This interconnectedness of themes adds multiple layers of complexity to the narrative. Each act of sacrifice becomes more poignant because it's not just a physical act; it's an act that has emotional and ethical weight. When Mickey is put in dangerous situations, the tension is not just about whether he will survive, but about what his survival or sacrifice means in a world grappling with the ethics of cloning. Each ethical question becomes more troubling because it's not just a theoretical dilemma; it's a dilemma that has real, tangible impacts on characters we've come to understand and empathize with, particularly Mickey.

For example, when Mickey's internal struggle with identity reaches a peak, it casts a shadow over every ethical decision the crew makes thereafter. The crew's choices become morally ambiguous not just in the context of the mission, but in the context of their own humanity and the society they are a part of. This creates a cycle of complexity that keeps the reader engaged from start to finish, constantly challenging them to reconsider their own ethical frameworks and understandings of identity and sacrifice.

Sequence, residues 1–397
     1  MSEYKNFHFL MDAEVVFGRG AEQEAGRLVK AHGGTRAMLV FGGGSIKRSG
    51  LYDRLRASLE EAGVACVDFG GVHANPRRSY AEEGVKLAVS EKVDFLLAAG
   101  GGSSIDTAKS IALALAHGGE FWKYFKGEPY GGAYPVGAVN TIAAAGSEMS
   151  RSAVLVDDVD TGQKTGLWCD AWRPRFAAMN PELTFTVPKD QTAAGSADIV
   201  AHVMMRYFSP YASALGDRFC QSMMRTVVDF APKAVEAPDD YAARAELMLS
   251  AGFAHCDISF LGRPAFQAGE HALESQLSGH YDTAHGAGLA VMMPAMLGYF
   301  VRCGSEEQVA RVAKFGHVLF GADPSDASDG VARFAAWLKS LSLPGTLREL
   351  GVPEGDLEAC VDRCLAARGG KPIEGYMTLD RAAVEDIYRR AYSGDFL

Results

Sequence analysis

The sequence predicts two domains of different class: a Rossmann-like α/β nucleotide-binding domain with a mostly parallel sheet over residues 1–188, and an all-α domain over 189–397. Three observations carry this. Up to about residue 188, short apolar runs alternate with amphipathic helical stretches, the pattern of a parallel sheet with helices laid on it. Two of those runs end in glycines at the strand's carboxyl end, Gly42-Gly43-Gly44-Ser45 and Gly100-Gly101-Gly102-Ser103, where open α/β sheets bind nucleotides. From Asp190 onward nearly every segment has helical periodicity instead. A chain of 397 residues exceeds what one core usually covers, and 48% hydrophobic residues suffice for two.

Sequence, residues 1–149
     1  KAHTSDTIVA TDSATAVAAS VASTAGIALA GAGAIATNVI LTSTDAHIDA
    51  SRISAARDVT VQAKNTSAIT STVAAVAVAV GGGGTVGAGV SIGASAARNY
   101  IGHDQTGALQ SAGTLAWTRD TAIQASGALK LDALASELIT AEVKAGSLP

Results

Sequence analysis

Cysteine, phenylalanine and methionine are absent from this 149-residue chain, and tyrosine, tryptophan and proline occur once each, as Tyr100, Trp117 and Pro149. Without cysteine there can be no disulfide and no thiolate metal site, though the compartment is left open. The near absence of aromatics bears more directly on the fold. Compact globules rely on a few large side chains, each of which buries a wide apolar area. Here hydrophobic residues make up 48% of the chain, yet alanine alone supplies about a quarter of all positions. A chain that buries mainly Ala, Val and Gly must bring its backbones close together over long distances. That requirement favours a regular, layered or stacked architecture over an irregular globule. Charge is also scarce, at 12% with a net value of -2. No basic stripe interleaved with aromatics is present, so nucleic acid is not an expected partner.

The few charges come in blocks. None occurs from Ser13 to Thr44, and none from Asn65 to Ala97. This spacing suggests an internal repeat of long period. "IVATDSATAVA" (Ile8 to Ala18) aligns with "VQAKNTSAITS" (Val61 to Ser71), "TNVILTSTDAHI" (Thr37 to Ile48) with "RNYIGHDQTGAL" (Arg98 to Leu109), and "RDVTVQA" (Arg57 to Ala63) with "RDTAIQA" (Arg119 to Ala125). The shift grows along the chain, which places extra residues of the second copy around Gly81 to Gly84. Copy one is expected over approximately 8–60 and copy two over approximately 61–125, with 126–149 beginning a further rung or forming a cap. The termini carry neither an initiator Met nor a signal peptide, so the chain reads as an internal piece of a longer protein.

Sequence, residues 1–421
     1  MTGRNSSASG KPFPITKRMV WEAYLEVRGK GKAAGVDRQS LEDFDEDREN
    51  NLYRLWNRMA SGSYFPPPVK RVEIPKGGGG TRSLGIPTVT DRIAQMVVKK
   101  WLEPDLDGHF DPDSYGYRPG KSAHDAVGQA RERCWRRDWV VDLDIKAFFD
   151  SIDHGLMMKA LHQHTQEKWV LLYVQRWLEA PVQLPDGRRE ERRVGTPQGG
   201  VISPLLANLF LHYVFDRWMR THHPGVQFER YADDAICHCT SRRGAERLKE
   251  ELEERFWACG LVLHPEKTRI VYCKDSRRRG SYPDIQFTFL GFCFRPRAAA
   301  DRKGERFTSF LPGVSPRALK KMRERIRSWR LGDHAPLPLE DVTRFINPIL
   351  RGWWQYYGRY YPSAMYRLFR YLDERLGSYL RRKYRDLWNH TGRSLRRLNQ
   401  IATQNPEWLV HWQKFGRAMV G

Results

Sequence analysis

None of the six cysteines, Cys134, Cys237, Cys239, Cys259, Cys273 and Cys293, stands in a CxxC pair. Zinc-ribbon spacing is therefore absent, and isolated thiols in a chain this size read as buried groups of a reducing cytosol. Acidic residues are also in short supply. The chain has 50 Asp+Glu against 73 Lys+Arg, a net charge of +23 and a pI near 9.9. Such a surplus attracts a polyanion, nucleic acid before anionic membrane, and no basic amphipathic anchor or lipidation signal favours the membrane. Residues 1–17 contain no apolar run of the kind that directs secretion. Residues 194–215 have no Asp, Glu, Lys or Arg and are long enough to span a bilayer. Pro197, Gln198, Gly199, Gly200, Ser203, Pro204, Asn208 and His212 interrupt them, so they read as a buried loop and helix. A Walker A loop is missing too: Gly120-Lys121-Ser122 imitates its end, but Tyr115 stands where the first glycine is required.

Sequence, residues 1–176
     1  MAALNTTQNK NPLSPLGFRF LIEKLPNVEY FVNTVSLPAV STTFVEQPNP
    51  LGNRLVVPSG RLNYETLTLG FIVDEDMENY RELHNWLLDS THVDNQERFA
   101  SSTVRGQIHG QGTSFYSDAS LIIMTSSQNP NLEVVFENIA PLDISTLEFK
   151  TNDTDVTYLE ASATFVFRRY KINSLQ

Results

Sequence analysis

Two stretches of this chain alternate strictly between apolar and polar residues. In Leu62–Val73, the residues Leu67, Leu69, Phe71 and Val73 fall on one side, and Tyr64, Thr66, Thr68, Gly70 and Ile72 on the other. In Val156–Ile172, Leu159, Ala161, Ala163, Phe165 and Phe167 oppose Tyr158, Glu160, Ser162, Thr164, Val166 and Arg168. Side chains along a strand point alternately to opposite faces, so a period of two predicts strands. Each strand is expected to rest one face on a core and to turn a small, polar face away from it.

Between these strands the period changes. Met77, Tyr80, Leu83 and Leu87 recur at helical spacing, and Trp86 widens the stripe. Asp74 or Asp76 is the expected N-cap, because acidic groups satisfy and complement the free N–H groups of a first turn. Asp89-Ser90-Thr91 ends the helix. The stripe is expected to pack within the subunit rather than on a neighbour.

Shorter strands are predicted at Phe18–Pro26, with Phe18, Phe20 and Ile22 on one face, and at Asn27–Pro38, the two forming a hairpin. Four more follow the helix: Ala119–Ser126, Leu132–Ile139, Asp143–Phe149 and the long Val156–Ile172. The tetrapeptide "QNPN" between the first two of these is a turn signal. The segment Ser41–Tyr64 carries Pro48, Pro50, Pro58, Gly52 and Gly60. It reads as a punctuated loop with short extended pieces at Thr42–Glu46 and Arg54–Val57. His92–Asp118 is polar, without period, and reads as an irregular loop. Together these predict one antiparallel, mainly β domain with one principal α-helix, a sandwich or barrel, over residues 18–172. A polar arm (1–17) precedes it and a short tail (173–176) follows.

Moreover, this interconnectedness serves as a mirror to our own world, where issues of identity, ethics, and sacrifice often intersect in complex ways, such as in discussions about social justice, medical ethics, and even geopolitics. By weaving these themes together so seamlessly, "Mickey 7" invites the reader to consider how these issues are interconnected in their own lives and in the broader societal context.

Mickey 7 has been adapted into a film by acclaimed filmmaker Bong Joon-Ho (Parasite), Mickey 17. Mickey 17 which explores the themes of the novel.


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My name is Jimmy Jangles, the founder of The Astromech. I have always been fascinated by the world of science fiction, especially the Star Wars universe, and I created this website to share my love for it with fellow fans.